Recognizing and dealing with burnout

Photo by: Tim Grouw

Burnout is more common than one might expect, and it often gets dismissed, making it a problem worth addressing.

Whether it’s academic stress, being overworked, or a combination of both, burnout can affect a person emotionally, physically, and mentally. This can have detrimental effects on a person’s well-being as well as job and academic performance.

Burnout was included in the 11th edition of the International Classification of Diseases (ICD-11) by the World Health Organization (WHO) back in 2019. While not classified as a medical condition, it is described as an “occupational phenomenon.” The pandemic certainly saw an increase in burnout-related symptoms with the transition of working and studying from home, but even outside of that context, stress is often prevalent throughout our daily lives. It is therefore important to know what makes burnout different.

This time of the year is quite busy for students in particular; getting off midterms, starting final assignments, and preparing for final exams—all of which can be stress-inducing. This can leave one feeling drained and overwhelmed. Identifying the symptoms of burnout can help one overcome it, more specifically, pinpointing the stressors can help one come up with coping strategies that could alleviate the stress.

One of the main symptoms is exhaustion. This can be physically or mentally starting to feel drained and noticing low energy or a decrease in motivation to work. While it can look different for everybody, some other examples to keep in mind include trouble concentrating and irritability. Stepping away and taking breaks is a small intervention for this issue. For more severe cases of burnout a prolonged break may be necessary but taking time out of your day and partaking in activities and hobbies may alleviate and prevent burnout.

It’s worth noting that these symptoms would be a significant change from the usual outlook towards school or employment. For example, another symptom of burnout is that it can also shift one’s perspective in a negative way, creating anhedonia. Another important point here is that it is internal. This means that the environment might not have changed, but it is the person’s perspective that has turned towards the negative. The good news is that this means that burnout can be overcome, the bad news is that it’s not easily done.

However, that’s not always the case. In terms of burnout, it is often the environment changing that leads to a person feeling overworked and stressed out. This can still be overcome but it might not be as easy depending on the reason. For example, if you know specifically what in the work or school environment is causing the additional new stress then a proactive approach of removing the stressor could help the situation.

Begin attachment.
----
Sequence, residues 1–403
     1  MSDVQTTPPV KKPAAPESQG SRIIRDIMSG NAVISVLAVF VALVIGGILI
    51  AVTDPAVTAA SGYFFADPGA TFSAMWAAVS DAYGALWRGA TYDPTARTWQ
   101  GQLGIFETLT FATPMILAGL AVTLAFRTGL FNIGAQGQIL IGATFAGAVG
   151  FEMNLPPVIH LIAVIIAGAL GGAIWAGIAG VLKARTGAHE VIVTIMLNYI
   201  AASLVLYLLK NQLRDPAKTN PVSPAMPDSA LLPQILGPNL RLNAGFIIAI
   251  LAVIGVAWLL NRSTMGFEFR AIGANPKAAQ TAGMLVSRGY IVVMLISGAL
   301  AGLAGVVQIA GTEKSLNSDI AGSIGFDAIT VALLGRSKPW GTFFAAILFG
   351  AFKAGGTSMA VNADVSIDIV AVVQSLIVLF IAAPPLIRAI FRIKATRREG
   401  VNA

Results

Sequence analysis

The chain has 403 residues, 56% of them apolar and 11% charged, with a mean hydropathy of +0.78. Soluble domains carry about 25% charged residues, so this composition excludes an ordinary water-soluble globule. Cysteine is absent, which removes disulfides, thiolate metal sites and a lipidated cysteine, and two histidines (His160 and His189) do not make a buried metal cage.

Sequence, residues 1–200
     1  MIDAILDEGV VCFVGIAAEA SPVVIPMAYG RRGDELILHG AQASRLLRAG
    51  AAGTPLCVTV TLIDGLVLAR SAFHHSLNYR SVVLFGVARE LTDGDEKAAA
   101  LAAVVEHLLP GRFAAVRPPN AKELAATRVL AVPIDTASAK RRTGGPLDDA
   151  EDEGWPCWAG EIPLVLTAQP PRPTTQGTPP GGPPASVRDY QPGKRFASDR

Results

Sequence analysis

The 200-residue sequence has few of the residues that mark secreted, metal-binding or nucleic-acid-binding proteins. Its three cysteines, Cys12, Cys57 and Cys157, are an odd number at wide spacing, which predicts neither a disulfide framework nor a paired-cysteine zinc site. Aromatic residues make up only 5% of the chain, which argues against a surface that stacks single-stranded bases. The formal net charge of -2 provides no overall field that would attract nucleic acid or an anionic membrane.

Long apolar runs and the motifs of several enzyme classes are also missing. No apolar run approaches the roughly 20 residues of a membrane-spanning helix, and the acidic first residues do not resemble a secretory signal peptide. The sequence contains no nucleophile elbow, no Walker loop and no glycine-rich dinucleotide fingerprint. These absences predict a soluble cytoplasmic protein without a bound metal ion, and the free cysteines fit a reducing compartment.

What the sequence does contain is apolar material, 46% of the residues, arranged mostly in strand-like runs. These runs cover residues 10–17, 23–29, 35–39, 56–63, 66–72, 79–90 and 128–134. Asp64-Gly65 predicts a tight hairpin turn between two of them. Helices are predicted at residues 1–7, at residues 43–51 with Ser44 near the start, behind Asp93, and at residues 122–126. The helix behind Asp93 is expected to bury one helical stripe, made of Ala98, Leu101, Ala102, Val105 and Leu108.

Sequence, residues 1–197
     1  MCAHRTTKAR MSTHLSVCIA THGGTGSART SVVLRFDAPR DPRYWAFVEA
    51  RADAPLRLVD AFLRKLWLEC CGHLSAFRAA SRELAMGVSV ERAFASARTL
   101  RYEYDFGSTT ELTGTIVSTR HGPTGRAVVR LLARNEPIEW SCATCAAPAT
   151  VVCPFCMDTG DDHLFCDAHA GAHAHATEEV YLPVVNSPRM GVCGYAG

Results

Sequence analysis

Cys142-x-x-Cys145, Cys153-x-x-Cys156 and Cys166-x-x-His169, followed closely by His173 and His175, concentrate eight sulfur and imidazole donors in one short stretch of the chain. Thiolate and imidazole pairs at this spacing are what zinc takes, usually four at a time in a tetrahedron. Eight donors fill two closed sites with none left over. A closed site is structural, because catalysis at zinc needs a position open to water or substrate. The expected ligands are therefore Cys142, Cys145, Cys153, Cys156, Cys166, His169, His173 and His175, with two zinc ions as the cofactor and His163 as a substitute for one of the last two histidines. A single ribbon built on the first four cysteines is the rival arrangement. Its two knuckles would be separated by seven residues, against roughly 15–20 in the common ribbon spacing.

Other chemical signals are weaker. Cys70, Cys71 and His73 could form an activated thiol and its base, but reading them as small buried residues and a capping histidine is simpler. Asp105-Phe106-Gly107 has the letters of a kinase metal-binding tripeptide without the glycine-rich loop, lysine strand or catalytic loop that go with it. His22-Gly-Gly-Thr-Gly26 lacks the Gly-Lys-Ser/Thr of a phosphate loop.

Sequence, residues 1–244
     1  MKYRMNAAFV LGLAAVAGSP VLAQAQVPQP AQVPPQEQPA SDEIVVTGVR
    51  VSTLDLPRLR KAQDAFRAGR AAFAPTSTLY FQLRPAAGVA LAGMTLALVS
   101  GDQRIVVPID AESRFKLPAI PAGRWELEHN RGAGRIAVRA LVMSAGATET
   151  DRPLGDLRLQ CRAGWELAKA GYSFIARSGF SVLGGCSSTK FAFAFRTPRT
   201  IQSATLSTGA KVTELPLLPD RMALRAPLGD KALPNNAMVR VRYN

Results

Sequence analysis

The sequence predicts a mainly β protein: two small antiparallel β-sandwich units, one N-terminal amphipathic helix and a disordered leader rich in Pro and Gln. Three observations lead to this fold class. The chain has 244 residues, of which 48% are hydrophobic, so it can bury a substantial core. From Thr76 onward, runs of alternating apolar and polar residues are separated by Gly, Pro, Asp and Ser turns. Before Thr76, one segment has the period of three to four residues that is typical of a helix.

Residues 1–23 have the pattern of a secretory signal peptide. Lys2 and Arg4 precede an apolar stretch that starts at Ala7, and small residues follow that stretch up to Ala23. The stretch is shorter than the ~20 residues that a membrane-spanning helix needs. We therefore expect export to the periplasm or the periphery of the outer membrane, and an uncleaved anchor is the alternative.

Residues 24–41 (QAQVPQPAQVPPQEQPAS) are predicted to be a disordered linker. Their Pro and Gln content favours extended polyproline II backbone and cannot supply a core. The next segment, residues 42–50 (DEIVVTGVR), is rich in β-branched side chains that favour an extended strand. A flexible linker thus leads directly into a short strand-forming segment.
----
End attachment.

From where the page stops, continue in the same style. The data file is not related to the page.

One would think that in most cases, one just has to push forward and wait until the storm passes; a method of thought employed often by students during exam season. While this is true, it is not always the greatest way to think in order to ease stress, especially if the workload has accumulated too much and it’s not only affecting academic marks but one’s mental health as well. 

If this is the case, then an academic advisor might be able to provide some options on how to better manage symptoms. This can be in the form of seeing the availability of dropping a course and picking up more in the summer for example. This would relieve some of the stress a student could be facing at the moment, and therefore, help with future experiences of burnout as well. 

Another example is communicating with one’s work management to schedule fewer hours at work if possible.

Ultimately, learning and accepting one’s limits is the first step. Setting boundaries for oneself follows thereafter maintaining a realistic outlook is essential to handling burnout. 

Stress will undeniably be part of our daily lives, and being aware of when it crosses a threshold is important to maintaining a healthy lifestyle. Knowing when to step back is a skill learned with time, remember to be compassionate with yourself. 

Anyone experiencing these symptoms is encouraged to seek professional help or visit some resources at Brock such as the Student Wellness and Accessibility Centre (SWAC), here, for help.

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